Yesterday, we reported that there will be some big changes in store for Marvel Studios, with president Kevin Feige restructuring his deal so that he directly reports to Disney CEO Alan Horn. This allows Kevin Feige to avoid dealing with Marvel Entertainment CEO Isaac "Ike" Perlmutter, who has gained a reputation over the years for his thrifty ways. Today, Birth. Movies. Death confirms a report from Heroic Hollywood that Marvel Studios has now disbanded its Creative Committee.

The Creative Committee would offer their input and notes on various Marvel superhero movie and TV productions as they moved through development. The Committee included Alan Fine, who came to Marvel with Isaac "Ike" Perlmutter after their stints at Toy Biz, Marvel Comics writer Brian Bendis who is a prolific Marvel Comics writer, Marvel Comics publisher Dan Buckley and Marvel Enterprises Chief Creative Officer Joe Quesada. There has been talk over the years that the Creative Committee was often the source of frustration for many filmmakers.

The site reports that it was the Creative Committee's notes that lead Edgar Wright to part ways with Ant-Man, after being attached to the project for nearly a decade. It is also said that the Committee was often quite late with their input, which would draw out the development process even more, which isn't surprising given their other responsibilities, but it was still a point of contention for filmmakers trying to get their projects off the ground. One anonymous filmmaker revealed the Creative Committee's notes focused on "nit-picky science" details that didn't take into account the script's tone.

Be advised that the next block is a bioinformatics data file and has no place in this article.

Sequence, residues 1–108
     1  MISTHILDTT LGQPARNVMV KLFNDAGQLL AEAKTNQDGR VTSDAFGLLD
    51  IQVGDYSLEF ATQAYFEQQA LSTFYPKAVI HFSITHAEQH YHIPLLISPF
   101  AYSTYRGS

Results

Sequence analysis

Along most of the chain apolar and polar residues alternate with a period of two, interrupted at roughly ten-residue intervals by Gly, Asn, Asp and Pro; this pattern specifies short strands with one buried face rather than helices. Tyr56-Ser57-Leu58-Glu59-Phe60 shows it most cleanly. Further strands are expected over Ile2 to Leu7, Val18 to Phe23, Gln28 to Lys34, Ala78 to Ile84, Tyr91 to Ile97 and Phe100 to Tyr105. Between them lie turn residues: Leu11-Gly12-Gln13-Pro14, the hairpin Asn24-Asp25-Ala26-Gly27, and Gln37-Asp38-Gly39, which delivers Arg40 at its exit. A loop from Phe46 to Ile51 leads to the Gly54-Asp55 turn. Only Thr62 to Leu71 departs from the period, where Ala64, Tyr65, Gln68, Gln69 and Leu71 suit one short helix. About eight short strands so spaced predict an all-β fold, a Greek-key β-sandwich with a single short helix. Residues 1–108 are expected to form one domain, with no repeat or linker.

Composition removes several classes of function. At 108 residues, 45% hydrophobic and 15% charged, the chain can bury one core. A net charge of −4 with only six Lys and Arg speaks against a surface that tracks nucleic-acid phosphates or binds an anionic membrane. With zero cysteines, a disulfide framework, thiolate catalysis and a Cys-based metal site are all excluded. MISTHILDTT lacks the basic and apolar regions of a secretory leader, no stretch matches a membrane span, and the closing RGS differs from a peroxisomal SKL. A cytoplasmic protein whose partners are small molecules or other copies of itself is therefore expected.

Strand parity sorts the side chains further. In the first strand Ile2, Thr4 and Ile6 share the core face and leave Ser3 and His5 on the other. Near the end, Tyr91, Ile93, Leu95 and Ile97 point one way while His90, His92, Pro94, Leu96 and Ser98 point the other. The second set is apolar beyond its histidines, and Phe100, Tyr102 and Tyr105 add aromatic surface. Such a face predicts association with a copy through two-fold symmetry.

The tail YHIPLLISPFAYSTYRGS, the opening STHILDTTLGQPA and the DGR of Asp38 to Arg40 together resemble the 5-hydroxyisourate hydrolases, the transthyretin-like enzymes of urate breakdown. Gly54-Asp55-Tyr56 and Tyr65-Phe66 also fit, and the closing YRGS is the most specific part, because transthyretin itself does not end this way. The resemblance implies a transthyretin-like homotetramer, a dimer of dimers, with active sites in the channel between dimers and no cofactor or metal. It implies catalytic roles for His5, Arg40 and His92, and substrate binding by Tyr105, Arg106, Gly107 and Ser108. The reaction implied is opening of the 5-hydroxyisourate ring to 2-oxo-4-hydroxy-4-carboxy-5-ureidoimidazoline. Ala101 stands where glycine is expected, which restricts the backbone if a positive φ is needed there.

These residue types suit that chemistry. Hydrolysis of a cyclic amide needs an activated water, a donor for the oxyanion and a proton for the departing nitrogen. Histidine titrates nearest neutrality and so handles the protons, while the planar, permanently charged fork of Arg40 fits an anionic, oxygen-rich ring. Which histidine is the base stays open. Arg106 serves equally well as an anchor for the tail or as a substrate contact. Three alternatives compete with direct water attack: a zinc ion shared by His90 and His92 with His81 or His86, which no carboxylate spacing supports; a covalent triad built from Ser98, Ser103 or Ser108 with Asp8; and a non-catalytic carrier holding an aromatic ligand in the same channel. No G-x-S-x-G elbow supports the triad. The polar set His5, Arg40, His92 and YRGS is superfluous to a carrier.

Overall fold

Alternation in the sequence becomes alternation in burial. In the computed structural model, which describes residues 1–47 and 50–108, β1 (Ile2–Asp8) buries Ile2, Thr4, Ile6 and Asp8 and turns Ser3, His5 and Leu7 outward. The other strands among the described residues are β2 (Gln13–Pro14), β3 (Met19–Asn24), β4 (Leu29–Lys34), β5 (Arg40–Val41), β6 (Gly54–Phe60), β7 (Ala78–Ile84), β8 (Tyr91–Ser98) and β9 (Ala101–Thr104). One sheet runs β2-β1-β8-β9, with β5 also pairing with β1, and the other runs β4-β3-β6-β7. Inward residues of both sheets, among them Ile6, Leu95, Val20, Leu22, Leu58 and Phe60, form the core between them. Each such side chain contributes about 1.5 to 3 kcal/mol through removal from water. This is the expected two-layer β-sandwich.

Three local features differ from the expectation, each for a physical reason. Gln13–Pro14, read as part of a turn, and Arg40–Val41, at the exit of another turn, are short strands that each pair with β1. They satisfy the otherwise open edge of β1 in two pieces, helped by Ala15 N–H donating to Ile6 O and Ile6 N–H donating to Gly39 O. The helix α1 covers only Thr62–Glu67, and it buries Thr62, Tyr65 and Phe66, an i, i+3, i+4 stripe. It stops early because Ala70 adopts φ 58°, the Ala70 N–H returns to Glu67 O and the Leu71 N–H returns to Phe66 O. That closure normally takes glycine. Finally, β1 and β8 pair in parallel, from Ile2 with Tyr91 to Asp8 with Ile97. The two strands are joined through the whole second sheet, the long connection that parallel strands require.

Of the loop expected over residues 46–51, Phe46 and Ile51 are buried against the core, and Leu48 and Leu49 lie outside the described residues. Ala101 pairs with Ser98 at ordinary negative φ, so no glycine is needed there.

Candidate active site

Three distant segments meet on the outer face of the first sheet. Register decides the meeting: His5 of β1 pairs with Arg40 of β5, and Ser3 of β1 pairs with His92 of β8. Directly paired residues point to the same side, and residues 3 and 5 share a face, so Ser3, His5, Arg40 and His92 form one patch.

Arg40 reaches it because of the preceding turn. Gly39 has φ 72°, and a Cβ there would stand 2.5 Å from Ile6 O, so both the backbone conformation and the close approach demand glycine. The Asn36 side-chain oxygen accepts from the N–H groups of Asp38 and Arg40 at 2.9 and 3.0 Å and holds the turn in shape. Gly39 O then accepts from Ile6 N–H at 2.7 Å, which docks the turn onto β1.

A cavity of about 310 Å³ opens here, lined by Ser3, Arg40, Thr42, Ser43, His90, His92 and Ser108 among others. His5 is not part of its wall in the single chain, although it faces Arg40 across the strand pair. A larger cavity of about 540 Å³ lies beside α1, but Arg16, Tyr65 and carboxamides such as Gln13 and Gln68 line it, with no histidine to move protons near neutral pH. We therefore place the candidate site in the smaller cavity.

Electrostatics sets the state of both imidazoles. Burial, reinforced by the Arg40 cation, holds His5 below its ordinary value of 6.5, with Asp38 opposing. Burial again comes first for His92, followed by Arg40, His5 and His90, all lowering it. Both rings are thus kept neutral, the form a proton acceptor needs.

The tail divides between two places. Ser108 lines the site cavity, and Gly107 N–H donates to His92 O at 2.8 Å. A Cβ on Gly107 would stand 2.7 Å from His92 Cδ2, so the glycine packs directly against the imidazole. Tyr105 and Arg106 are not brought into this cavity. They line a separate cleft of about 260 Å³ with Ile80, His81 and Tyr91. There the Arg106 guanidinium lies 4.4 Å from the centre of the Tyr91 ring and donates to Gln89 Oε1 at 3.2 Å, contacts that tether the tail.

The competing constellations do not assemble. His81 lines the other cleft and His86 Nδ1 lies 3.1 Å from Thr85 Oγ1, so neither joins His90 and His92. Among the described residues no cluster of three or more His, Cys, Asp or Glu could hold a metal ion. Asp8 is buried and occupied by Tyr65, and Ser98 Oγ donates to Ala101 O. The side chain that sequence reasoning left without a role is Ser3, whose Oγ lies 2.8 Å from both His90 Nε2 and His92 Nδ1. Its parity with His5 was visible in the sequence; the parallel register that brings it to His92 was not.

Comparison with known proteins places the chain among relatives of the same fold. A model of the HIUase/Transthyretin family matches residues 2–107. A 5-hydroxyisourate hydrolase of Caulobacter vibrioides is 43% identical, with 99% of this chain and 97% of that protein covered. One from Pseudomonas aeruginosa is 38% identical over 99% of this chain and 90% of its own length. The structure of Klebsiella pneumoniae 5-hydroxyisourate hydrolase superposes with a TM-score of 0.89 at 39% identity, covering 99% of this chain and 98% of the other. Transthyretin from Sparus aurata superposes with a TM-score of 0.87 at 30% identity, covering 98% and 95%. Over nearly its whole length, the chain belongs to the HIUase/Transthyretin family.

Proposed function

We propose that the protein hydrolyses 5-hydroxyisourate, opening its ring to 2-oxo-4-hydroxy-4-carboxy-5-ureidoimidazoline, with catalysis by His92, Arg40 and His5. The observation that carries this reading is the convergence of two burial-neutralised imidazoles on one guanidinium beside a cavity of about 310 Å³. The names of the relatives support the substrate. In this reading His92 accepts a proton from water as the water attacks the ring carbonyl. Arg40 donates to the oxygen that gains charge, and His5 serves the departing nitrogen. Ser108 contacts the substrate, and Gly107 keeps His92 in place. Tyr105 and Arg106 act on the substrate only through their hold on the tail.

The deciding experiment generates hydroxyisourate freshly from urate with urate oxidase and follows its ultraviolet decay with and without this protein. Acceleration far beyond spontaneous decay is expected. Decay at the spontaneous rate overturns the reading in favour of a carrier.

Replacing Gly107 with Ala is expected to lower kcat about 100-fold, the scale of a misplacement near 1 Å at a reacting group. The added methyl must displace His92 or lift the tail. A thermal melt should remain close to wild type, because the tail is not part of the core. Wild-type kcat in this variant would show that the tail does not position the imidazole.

The dissolution of the Creative Committee likely won't have any impact on Captain America: Civil War or the next Phase Three movie, Doctor Strange, which is already deep into pre-production. However, the projects that will come after, such as Guardians of the Galaxy Vol. 2, Thor: Ragnarok and Avengers: Infinity War Part I could look and/or feel much different. Key creative decisions will now be made by a trio of Marvel Studios executives, Kevin Feige, Louis D'Esposito and Victoria Alonso.

This decision could also affect the merchandise side of Marvel as well. There are rumors that the reason there are no Black Widow toys is because Ike Perlmutter always believed that female toys didn't sell, and he constantly vetoed any Black Widow toys. As far as the movies go, it isn't known if Marvel Studios movies will get bigger budgets, or if they will pay their actors more, but we'll have to wait and see. What do you think about this news, and how do you think it will affect future movies?